Chapter 4 – The Accusation Waltz (Part III)« Chapter 4 – The Accusation Waltz (Part II) Chapter 5 – Cheaters Do Prosper (Part I) »
“As I intimated,” he said, settling back into his chair again. “I want to hire you. I will pay you for your services—no academic favors, if you’re going to work for me, you must do so as an outside party and not a student under my jurisdiction. Of course, I cannot offer you the resources of this office either. There must be no hint of impropriety.”
Frog cocked her head slightly and frowned; then she raised a finger to ward off Elaine’s instinctual objection. She’d cultivated a policy of not doing work for faculty members—too much trouble with the same when she started her semiprofessional hobby in high school. Too much entanglement with teachers and school staff could strain already tense situations.
“Our services are not cheap,” Frog said, “and a discount would only give rise to the phantom of impropriety, don’t you think, Elaine?”
“Yes,” Elaine said. She couldn’t guess at it, but the shrewd tone in Frog’s voice told her that her friend had found an angle to work. “You’ll have to make my full retainer for two weeks if you want me on the case. Contingent on the case, of course.”
“Of course,” the dean said. He heaved a sigh and sank further into his chair. He shook his head and swept the documents of Elaine’s cellphone incrimination from his desk. “They bugged my office, after all,” he explained as he stuffed the folder back into the recesses of a filing cabinet. “Why should I hold that over you now that the FBI have also abused by own dignity. I am not interested in the FBI, but if you discover why they’ve chosen to violate my office, I’d consider it a personal favor.”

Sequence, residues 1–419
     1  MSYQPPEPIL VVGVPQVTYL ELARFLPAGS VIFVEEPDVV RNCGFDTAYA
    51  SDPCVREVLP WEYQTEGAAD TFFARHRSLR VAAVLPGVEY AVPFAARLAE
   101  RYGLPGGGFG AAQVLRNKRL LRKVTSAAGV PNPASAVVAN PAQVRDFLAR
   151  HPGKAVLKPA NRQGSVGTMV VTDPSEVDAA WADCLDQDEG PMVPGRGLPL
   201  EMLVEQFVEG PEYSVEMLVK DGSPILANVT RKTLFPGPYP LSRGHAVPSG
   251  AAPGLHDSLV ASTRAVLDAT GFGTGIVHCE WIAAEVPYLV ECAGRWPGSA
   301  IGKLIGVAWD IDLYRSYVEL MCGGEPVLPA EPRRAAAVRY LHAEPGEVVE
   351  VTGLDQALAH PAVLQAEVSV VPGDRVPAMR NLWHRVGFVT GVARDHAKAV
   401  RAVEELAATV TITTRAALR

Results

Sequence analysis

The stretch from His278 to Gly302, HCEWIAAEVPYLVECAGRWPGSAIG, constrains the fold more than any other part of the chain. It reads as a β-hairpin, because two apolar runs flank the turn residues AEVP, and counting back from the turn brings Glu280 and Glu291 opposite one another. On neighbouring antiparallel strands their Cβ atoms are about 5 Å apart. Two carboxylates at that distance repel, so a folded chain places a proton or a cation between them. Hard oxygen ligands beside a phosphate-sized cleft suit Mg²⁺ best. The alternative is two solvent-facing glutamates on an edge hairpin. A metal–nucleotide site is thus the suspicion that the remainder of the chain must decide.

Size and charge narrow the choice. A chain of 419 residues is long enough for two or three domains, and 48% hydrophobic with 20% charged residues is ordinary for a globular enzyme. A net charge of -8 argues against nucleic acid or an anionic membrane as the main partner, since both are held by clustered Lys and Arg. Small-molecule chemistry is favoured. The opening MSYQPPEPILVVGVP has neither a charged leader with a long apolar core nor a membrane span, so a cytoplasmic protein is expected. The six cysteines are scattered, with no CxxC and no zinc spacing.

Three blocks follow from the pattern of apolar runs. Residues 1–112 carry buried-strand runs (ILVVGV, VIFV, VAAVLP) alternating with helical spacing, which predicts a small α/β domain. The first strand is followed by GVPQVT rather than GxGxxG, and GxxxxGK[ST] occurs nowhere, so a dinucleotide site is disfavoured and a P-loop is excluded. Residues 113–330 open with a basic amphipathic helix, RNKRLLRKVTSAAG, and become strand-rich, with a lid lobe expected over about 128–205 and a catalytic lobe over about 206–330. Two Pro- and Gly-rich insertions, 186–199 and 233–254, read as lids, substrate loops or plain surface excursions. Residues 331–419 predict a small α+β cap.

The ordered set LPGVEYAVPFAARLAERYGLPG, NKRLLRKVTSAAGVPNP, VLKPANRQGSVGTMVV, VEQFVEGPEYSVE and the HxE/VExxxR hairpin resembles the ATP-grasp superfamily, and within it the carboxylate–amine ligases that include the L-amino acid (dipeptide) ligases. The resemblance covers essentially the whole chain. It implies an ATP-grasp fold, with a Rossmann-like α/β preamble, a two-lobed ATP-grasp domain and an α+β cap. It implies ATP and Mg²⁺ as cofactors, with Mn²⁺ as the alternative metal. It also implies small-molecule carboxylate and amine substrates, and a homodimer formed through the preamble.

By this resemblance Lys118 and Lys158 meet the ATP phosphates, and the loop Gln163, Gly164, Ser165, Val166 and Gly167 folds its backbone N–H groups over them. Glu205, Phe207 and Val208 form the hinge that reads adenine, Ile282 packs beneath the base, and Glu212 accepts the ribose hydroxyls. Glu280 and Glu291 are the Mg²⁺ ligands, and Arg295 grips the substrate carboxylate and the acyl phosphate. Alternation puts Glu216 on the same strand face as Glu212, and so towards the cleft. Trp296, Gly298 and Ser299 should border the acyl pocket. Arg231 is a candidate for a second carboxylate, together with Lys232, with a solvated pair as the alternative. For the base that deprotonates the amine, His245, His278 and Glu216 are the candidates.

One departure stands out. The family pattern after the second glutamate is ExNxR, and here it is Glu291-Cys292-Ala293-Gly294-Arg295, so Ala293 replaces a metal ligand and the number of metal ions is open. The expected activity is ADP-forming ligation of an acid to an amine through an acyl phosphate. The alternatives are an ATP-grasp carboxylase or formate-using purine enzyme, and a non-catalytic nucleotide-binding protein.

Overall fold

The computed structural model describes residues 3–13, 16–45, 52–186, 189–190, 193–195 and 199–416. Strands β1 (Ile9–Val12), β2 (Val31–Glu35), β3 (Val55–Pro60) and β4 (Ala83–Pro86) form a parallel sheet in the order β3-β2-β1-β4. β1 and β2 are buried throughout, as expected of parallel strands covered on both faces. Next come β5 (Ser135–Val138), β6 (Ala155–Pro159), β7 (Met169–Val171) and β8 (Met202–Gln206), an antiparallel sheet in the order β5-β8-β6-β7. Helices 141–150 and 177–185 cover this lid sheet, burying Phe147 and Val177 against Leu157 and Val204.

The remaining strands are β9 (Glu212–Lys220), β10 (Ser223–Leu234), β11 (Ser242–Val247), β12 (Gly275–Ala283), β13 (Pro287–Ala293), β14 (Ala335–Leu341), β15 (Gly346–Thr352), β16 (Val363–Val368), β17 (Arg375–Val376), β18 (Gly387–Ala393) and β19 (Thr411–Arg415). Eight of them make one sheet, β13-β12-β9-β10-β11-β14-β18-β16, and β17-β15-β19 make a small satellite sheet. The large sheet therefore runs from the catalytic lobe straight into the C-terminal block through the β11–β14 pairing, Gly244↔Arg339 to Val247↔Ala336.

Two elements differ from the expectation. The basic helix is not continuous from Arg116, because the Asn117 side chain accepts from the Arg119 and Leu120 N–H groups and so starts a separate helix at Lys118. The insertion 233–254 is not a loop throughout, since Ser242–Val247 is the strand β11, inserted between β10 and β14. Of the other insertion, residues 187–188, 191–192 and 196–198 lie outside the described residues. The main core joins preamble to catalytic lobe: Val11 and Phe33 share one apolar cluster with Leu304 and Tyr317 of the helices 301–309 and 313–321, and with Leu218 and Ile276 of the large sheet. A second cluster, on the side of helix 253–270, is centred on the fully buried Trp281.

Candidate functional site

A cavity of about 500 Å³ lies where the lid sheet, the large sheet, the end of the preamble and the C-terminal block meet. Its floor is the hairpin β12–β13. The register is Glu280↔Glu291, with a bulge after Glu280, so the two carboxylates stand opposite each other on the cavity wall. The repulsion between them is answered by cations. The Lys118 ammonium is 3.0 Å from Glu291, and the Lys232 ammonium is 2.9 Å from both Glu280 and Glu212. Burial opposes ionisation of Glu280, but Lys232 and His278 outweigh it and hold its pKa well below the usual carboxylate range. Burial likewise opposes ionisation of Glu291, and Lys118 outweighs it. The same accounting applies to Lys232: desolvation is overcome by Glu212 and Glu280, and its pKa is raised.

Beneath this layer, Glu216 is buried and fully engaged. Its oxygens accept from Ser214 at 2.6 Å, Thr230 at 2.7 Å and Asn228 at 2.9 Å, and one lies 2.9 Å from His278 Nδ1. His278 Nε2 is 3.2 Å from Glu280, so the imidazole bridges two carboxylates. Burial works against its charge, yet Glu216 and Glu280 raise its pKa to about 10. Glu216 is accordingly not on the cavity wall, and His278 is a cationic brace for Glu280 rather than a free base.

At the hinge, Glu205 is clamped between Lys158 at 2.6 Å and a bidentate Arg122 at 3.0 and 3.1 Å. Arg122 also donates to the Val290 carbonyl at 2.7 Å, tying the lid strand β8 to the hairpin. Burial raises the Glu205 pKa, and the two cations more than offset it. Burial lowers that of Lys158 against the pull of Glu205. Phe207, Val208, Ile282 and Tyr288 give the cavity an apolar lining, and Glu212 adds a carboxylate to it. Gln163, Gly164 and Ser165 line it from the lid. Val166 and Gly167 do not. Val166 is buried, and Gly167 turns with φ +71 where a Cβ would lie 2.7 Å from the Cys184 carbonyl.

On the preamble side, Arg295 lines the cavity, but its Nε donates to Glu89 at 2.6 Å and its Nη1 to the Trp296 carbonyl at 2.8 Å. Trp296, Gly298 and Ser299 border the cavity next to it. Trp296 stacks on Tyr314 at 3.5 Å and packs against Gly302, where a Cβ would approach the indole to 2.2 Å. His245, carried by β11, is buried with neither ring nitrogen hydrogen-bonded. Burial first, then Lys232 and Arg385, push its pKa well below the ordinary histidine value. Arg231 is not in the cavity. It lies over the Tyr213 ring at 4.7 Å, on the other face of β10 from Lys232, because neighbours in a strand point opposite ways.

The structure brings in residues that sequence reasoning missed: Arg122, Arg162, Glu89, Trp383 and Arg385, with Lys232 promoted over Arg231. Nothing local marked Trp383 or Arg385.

Elaine nodded. No doubt, she would feel the same.
“As for what I want investigated,” the dean said. “I need you to look into a widespread case of academic fraud. Or, I should say, what I suspect is a widespread case of cheating, but I can’t prove it. In fact, I cannot even guess how they’re doing it, but I’m sure they are nonetheless. Someone is attempting to impugn the reputation of this department.
“This afternoon I received a visit from the Academic Board of Trustees. In person. They brought to my attention that numerous new graduate program students who have shown excellent Engineering GRE scores and ranked well academically in the last year of their coursework are not performing as well as their histories would suggest. As a result, this department’s graduate program is seeing falling marks.”
A key rattled in the desk as the Dean of Engineering unlocked the drawer, slid it open, and drew a folded sheet of paper from within. “This is a list of names that I suspect are part of the cheating ring. They are all newly minted graduate students in my program. You should have no trouble finding their dossiers in the directory. Perhaps you can start by speaking with them.”
Elaine took the page and scanned the names. None of them jumped out at her. “I will need access to these student’s files, their grades, and academic career records,” she said.
“I can grant you no such thing,” the dean said. He straightened with the mantle of his authority as if insulted. “You will have to work from your own resources and must do so without connection to this office or its authority.”